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Our drum tree serves as a holiday reminder that God calls us to march to the beat of a different drummer, receiving our formative cues and motivation from the teachings and lifestyle of Jesus.
The first summarizes the journey of the Magi who traveled from the East in search of the mysterious child of promise:

When they saw the star, they were overjoyed. On coming to the house, they saw the child with his mother Mary, and they bowed down and worshiped him. Then they opened their treasures and presented him with gifts of gold and of incense and of myrrh. (Matthew 2:10-11)

The second text, which I readily confess does not typically invoke Yuletide emotion, is Romans 12:2, which boldly challenges believers to live out our faith with subversive authenticity: 

Do not conform any longer to the pattern of this world, but be transformed by the renewing of your mind. Then you will be able to test and approve what God’s will is—his good, pleasing and perfect will.

Treasures construed to be the contemporary equivalent of gold, incense and myrrh are not the only gifts you can present in honor of Jesus. As you embark upon your Advent journey, perhaps you might also consider offering something that costs you a little more of yourself, a contribution from your own lode of talent or giftedness.

Do you recall the legend behind the musical story of “The Little Drummer Boy,” the song about a boy who gave of his meager talent by playing the drum for the Christ child? Introduced in the United States in the 1950s, this memorable holiday carol made popular by Bing Crosby was actually based on a Czech tune, “Carol of the Drum,” composed by Katherine K. Davis in 1941 and later recorded by the famed Von Trapp Family Singers in Austria.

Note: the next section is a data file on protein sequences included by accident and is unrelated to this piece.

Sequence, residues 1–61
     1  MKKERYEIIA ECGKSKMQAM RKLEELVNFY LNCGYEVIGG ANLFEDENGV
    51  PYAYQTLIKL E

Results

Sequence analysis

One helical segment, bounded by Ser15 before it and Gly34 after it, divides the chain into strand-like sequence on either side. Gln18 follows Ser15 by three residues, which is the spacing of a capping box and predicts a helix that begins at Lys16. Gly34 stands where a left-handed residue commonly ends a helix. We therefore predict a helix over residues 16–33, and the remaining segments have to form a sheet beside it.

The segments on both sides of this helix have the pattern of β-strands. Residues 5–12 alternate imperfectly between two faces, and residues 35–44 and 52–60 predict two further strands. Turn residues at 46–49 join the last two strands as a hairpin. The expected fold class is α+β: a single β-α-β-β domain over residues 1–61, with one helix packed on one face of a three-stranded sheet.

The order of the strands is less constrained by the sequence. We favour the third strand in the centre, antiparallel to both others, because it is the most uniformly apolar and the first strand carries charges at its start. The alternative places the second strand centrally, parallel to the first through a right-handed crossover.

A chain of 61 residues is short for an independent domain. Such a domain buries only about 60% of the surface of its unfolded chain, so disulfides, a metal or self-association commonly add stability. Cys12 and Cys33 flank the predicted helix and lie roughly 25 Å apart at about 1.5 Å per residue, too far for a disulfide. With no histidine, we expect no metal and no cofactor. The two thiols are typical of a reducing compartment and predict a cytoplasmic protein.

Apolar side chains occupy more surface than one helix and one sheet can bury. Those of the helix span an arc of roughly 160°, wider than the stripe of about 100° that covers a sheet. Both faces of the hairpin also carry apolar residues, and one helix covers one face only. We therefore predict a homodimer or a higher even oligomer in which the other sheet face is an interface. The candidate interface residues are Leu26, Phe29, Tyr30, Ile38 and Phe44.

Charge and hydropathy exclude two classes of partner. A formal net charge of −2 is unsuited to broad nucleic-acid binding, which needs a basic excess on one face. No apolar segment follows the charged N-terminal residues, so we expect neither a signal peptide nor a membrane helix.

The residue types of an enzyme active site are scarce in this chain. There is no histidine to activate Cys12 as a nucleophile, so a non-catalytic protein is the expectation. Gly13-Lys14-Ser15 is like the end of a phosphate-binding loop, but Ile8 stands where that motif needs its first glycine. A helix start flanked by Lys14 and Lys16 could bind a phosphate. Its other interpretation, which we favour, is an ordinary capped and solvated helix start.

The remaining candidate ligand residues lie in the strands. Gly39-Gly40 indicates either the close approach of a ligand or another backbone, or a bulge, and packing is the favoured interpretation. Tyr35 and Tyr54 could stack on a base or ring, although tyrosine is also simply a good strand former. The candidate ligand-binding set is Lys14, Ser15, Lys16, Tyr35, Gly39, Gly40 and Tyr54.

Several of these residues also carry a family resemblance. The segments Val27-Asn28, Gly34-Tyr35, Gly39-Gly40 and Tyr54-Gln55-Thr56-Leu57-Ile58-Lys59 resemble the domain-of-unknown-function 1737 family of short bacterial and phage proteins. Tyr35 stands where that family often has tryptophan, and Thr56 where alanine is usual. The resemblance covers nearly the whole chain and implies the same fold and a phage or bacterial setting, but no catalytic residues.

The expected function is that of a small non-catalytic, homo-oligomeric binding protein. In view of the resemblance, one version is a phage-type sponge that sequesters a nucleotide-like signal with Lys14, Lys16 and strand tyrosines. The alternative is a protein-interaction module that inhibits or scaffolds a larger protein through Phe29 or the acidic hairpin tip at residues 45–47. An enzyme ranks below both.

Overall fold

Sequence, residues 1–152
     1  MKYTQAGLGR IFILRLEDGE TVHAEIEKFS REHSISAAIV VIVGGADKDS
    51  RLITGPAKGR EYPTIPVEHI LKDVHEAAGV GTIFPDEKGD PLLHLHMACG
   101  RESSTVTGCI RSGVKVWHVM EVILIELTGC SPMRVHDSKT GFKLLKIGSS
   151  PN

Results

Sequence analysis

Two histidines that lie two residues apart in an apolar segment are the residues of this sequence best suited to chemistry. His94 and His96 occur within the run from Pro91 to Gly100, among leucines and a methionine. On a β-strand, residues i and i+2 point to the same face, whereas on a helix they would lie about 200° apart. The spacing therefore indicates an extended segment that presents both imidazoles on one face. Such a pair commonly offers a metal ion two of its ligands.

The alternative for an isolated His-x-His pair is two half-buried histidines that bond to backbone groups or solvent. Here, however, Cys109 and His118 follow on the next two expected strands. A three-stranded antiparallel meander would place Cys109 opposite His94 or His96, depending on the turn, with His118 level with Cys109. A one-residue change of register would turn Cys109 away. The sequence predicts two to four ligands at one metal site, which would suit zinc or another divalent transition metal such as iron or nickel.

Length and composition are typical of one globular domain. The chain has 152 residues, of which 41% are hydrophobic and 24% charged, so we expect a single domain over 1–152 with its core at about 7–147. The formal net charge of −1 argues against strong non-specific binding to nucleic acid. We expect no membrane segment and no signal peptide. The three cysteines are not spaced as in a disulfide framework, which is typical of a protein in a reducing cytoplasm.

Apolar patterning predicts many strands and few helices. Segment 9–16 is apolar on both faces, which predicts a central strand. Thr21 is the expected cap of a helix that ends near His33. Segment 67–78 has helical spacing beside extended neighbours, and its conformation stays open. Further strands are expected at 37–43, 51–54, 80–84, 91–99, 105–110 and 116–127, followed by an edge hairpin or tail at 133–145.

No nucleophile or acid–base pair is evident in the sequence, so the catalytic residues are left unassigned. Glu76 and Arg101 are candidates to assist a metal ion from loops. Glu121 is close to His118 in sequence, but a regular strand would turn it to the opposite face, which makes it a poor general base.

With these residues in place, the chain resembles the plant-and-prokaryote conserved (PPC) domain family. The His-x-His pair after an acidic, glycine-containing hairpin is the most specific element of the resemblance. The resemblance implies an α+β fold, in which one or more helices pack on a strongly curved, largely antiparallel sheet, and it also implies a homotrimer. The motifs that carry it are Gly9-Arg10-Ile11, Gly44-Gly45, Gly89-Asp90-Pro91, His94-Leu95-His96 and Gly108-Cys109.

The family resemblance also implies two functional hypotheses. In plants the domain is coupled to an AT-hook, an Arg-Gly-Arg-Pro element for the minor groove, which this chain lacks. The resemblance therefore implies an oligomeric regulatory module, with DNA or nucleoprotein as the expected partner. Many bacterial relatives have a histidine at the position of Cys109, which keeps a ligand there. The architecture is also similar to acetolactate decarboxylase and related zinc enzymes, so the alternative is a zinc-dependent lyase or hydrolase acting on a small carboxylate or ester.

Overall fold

The more familiar “drummer boy” version details the fictional but meaningful tale of a young boy who approached the manger with nothing to offer but his drum. However, as the boy began to play his drum, his unique gift brought a smile to the face of the infant.

Throughout this holiday season, colorful and thematic decorations will adorn many of our church campuses—iconic symbols such as a Christmas tree, an Advent wreath, a manger crèche. Peculiar in the décor of the church I serve is a drum tree, which is constructed annually in our church atrium. Vick Vickery, our veteran Scoutmaster, assembles this drum tree each year out of 34 percussion instruments from different eras in history. Included in this menagerie are replicas of the rope drum used in the Revolutionary War and the Civil War. Historically, these instruments were crucial for conveying instructions and maintaining morale, for in the days prior to advanced telecommunication, soldiers were trained to listen carefully for strategic commands encoded in the resounding beat of the drummer.

Now, stacked and configured in the form of a Christmas tree, our drum tree serves as a holiday reminder that God calls us to march to the beat of a different drummer, receiving our formative cues and motivation from the teachings and lifestyle of Jesus. While the default values of our culture may prompt us to spend irresponsibly, consume disproportionately and hurry frantically, our faith calls us to march to the rhythm and cadence of a different percussionist, to be cheerful in giving, gracious in receiving and intentional in living.

During this festive season of the year, believers of all ages are invited to invest our best spiritual gifts and our prime tangible gifts in ways that express our allegiance and alignment with the One born in Bethlehem.

Barry Howard serves as senior minister at First Baptist Church in Pensacola, Fla.

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